An ounce of prevention is worth a pound of cure, except when it comes to preventing corruption in Albany.
That's what you need to know about the Moreland Commission, that posse of prosecutors Gov. Andrew Cuomo is unleashing to cure abuses that have landed so many legislators in jail.
After talking for several years about preventing the kinds of behavior that results when too much money chases too many votes, the governor increased the pressure as the most recent legislative session came to a close.
Either pass a package of laws to reform the relationship between money and politics -- that would be the approach most similar to prevention -- or he would use one of the powers that a governor has and start investigating just who collected what from whom and for what purpose. That would be the approach more similar to seeking a cure after the body politic has been infected.
Assembly Democrats were fine with letting candidates use more public money to run for office and diminish the role of private contributions, especially from political action committees and businesses. There are those who say that this is more about Democrats getting their hands on more taxpayer money than it is about having clean elections. They have a point.
Senate Republicans are opposed to expanding the use of public money in elections, money that they said would be better used for other purposes. There are those who say that Republicans feel this way because they are afraid of losing the advantage they have with their appeal to wealthy donors. They, too, have a point.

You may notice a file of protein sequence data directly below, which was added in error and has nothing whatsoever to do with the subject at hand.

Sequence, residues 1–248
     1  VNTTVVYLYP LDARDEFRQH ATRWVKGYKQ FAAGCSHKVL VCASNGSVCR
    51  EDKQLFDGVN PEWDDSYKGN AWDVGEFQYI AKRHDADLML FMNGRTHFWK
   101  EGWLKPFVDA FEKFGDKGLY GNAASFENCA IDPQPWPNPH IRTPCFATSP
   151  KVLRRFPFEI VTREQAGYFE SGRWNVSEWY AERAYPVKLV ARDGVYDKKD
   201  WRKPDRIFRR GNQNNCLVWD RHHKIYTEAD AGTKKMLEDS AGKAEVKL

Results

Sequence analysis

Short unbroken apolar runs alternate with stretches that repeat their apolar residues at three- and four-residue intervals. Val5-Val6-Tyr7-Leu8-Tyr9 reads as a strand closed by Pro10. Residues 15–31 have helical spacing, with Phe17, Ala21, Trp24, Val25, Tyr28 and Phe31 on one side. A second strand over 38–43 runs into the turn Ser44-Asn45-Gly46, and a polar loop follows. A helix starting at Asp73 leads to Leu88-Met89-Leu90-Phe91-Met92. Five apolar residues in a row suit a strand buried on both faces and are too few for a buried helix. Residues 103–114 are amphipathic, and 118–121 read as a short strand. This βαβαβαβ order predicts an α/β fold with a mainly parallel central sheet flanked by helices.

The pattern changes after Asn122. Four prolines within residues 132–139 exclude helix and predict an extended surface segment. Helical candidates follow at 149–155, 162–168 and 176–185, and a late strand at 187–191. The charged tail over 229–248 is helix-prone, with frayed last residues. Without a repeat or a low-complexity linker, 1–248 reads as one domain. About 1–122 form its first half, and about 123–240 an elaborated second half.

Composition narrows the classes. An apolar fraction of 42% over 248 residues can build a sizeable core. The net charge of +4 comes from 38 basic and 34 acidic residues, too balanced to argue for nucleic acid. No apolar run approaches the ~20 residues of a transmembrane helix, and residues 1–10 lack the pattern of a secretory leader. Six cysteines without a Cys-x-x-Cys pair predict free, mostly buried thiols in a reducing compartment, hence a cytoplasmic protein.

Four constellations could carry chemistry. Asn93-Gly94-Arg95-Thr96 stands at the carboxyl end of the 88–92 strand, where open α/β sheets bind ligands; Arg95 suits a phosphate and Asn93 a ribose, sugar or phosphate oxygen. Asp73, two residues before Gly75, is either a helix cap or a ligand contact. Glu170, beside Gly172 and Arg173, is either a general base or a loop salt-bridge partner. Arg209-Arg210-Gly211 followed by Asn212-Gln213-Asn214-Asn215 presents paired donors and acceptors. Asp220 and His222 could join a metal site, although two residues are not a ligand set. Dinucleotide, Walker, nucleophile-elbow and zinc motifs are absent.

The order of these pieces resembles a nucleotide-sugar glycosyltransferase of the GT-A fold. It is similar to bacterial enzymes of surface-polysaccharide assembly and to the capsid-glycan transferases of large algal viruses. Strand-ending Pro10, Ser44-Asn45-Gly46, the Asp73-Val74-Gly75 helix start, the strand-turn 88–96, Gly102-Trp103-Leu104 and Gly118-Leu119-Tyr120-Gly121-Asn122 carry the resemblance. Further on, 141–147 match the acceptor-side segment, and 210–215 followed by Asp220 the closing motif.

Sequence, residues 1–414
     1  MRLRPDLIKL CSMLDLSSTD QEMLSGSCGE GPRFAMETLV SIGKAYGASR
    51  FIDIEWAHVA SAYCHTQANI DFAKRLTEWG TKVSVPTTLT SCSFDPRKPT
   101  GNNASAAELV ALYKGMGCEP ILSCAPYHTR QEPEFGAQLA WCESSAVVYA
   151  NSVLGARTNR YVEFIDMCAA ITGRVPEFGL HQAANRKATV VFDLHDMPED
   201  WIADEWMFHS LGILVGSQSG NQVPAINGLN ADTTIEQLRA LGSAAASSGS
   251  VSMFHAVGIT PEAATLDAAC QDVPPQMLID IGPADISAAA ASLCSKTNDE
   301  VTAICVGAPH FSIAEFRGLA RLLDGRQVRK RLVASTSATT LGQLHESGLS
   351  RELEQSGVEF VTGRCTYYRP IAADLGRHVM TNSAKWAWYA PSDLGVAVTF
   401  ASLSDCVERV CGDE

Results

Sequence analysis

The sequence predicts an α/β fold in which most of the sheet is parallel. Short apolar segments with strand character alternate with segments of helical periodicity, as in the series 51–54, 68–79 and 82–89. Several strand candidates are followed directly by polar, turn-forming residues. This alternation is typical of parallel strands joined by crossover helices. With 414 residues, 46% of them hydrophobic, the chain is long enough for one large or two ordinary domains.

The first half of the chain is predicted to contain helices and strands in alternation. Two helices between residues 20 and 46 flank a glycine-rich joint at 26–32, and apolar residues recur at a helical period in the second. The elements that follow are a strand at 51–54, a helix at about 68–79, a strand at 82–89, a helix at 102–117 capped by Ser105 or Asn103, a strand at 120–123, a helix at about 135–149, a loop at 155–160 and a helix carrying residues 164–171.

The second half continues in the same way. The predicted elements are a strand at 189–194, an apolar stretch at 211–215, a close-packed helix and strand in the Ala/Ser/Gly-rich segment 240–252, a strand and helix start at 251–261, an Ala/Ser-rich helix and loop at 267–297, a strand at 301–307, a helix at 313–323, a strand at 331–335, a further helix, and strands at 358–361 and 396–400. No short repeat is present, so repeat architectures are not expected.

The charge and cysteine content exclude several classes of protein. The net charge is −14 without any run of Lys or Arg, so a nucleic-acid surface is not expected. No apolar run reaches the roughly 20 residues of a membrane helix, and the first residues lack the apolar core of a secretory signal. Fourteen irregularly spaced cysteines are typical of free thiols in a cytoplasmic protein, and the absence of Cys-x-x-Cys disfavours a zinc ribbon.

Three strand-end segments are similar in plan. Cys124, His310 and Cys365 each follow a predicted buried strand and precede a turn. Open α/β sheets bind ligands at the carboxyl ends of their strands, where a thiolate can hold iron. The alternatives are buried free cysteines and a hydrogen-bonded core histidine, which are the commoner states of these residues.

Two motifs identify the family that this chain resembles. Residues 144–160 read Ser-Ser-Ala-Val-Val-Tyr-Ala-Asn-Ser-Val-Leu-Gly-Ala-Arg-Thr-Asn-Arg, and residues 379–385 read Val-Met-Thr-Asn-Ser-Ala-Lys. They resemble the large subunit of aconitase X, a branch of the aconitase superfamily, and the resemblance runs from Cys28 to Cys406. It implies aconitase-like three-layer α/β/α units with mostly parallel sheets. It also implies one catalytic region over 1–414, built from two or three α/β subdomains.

When legislators called his bluff, the governor had no choice. Now, investigations will be launched, press conferences will be held, perps will take walks and trials might eventually land a few careless and greedy legislators in jail with the others who have come before them.
For all of the good that the commission will do in putting more resources into the investigation of real criminal activity, it will fall far short of the alternative, reducing the influence of money in elections.
Because the legislators make the laws, much of what they do is legal even though it should not be. That was the problem that federal prosecutors ran into when they tried to charge Joe Bruno, the powerful leader of the Senate Republican majority, with crimes. It turned out that what most people might consider criminal was legal in New York if you did it a certain way. And Bruno, who was one of three people who decided what went into the laws and what did not, knew how to avoid going over those legal lines.
The Moreland Commission will have a hard time bringing indictments or getting convictions for behavior that betrays a very cozy, but not illegal, relationship between money and legislation. That's something that true campaign finance reform could address.
Until reform gets majority support, fans of good and clean government will have to rely on revenge. Senate Republicans say if the governor is going to investigate them, they will start investigating him. With all those investigations going on, somebody is bound to find something.
-- The Middletown Times Herald-Record